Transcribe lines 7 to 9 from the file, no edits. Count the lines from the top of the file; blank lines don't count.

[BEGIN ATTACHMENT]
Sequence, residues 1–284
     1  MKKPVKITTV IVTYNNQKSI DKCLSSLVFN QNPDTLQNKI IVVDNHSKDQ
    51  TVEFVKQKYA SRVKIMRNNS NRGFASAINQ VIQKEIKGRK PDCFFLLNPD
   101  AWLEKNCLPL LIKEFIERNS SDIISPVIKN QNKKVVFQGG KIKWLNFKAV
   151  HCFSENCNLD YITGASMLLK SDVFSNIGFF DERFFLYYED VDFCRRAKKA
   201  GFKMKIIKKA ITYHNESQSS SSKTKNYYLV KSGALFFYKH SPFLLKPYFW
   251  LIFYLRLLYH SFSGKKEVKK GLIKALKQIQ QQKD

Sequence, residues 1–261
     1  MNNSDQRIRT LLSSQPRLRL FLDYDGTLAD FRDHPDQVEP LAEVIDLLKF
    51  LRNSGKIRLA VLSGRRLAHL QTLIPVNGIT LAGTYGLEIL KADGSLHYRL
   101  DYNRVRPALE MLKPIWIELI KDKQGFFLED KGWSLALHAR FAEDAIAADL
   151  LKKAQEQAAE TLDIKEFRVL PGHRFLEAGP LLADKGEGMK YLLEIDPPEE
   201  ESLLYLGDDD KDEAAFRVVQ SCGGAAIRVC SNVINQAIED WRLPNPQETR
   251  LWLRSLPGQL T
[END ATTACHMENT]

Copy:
   251  LIFYLRLLYH SFSGKKEVKK GLIKALKQIQ QQKD

Sequence, residues 1–261
     1  MNNSDQRIRT LLSSQPRLRL FLDYDGTLAD FRDHPDQVEP LAEVIDLLKF